7. Eric says:

    Everyone who has played pc games has gotten a pirated copy at one time, and on more than one occasion. Blizzard was gonna only release Ghost to consoles but then dropped the project and are only doing WOWC. All I know is everyone who has ever gotten or given out pirated copies is responsible, whether or not they still do it today, they’ve done it.

  8. . says:

    “Blizzard was gonna only release Ghost to consoles but then dropped the project and are only doing WOWC.”

    I don’t see that this is related to piracy. Every indication I’ve seen is that [since Ghost’s development was being outsourced] Blizzard killed development because they didn’t want the quality of their games to slip. Even though they weren’t the primary developers Starcraft is their series and no matter how small their role they were putting their logo on the box. Blizzard getting behind a mediocre game would compromise their reputation. It holds true for every company but Blizzard is the only company I can think of with an unbroken string of top-notch games, so it’s even more true for them.

  9. Eric says:

    Blizzard is no longer blizzard. The company was bought out by some shitty corporation. They are not going to do another starcraft, at least they don’t have it on there project listings, just World of warcraft, and true just because they were going to release it to console doesent mean they were doing it because of piracy, but I imagine it had a little to do with the decision to only release it consoles, considering starcraft 64 sucked my %@&#*. All I’m saying is even if piracy is on a downtrend there was enough of it in the past to deter many new companies from doing pc projects. Gaming seems to be turning to consoles has the major source for gaming. There will allways be the big companies for pc’s, but the amount of games coming out for pc’s are starting to dwindle in comparison to consoles!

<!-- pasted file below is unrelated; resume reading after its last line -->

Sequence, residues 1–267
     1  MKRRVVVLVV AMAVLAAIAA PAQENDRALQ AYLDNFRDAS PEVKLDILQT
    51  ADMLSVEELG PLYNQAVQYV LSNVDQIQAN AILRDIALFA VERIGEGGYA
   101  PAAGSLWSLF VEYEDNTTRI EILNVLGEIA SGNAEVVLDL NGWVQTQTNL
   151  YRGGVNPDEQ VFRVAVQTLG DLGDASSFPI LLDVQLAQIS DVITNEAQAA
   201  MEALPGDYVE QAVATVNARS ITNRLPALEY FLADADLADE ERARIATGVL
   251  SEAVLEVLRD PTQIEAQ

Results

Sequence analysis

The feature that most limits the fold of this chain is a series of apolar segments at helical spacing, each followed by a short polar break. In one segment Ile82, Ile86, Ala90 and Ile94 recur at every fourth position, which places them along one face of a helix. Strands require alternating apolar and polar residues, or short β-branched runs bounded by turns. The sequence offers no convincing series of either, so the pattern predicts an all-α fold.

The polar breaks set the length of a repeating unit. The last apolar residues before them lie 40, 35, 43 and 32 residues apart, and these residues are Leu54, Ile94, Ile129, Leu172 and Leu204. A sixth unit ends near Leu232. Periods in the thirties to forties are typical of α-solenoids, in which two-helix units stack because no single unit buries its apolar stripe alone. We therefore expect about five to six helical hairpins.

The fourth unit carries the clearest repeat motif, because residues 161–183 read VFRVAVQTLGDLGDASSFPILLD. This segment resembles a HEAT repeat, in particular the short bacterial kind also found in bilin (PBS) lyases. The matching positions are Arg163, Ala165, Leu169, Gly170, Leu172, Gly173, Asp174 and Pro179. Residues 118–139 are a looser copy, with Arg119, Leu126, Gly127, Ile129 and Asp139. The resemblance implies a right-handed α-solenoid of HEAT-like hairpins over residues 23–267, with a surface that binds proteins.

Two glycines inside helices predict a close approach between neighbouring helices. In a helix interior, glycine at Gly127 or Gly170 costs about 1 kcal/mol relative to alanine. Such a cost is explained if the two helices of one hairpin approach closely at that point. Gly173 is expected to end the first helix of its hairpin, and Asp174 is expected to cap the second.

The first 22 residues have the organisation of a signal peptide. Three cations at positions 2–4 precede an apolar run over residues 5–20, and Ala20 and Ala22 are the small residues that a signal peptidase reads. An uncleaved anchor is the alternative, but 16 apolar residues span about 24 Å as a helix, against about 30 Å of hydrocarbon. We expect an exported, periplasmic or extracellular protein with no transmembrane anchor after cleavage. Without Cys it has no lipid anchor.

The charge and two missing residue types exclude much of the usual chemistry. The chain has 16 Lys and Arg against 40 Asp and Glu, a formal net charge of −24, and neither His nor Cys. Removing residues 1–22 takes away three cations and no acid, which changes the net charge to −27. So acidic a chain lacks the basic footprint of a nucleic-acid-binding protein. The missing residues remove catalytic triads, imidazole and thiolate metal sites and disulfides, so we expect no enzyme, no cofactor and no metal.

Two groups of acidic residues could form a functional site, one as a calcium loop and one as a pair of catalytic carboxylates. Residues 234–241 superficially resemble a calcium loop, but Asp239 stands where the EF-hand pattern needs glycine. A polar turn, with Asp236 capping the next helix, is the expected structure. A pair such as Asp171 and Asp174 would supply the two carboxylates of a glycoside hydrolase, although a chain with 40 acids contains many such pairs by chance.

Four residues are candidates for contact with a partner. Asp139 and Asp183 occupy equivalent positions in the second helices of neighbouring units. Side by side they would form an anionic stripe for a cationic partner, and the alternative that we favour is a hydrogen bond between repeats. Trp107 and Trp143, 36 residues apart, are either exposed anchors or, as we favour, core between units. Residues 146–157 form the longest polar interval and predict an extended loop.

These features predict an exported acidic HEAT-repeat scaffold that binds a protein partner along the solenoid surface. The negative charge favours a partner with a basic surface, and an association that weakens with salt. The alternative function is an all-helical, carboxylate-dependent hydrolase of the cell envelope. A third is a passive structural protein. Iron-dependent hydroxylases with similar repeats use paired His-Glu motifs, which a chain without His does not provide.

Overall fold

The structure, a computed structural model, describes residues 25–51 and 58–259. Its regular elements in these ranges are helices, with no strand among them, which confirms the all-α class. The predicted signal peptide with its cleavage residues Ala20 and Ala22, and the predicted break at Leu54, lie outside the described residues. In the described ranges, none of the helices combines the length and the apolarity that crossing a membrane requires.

10. Om Hinge says:

    Oh……. who made this pathetic steam ? … I paid a thousand bucks but aint got nothing yet. This bloody steam requires a internet connection always… huh!. PLEASE PLEASE give me a link where I could really get a fine crack

  11. CyberGorth says:

    Actually, Blizzard FINALLY got around to working on Starcraft 2 and now has a website up for it with some advance shots of the Protoss units. It looks good. Oh, and just for the record, I kinda suspect that Vivendi Universal are the bastards who cooked up Steam and forced it on Valve. I remember hearing rumors that HL2 was delayed due to some “disagrements” between the companies. Then the Steam announcement was made when everything was taken care of. I don’t mind Steam so much for games that I’ve just downloaded through it, but when you’ve actually got the fucking CDs and you STILL need Steam to use the files on them, then it’s just asinine.

  12. guy says:

    They’d been working on it for years, they just now told us.

  13. Primogenitor says:

    Of course, Steam really shines when you do have a good internet connection and a multi-threaded CPU (as many PCs are these days, at least the ones who are in Steams target audience anyway). I just moved half-way round the world for 6 months, left my desktop behind and bought a new laptop. I brought many of my games with me, all on Steam; Half-life, Sam & Max, Civ IV, etc and the older ones like Quake 1 & 2, X-Com, etc (some of which I might have pirated in my youth, *cough*, and now choose to pay for because they are damn good games and reasonably priced). No CD changing, no looking for patches, and if the internet connection is down theres the “work offline” option for Steam so they still work. This is the way things are going, like it or not, and Steam (and Half-life 2) was the first major player.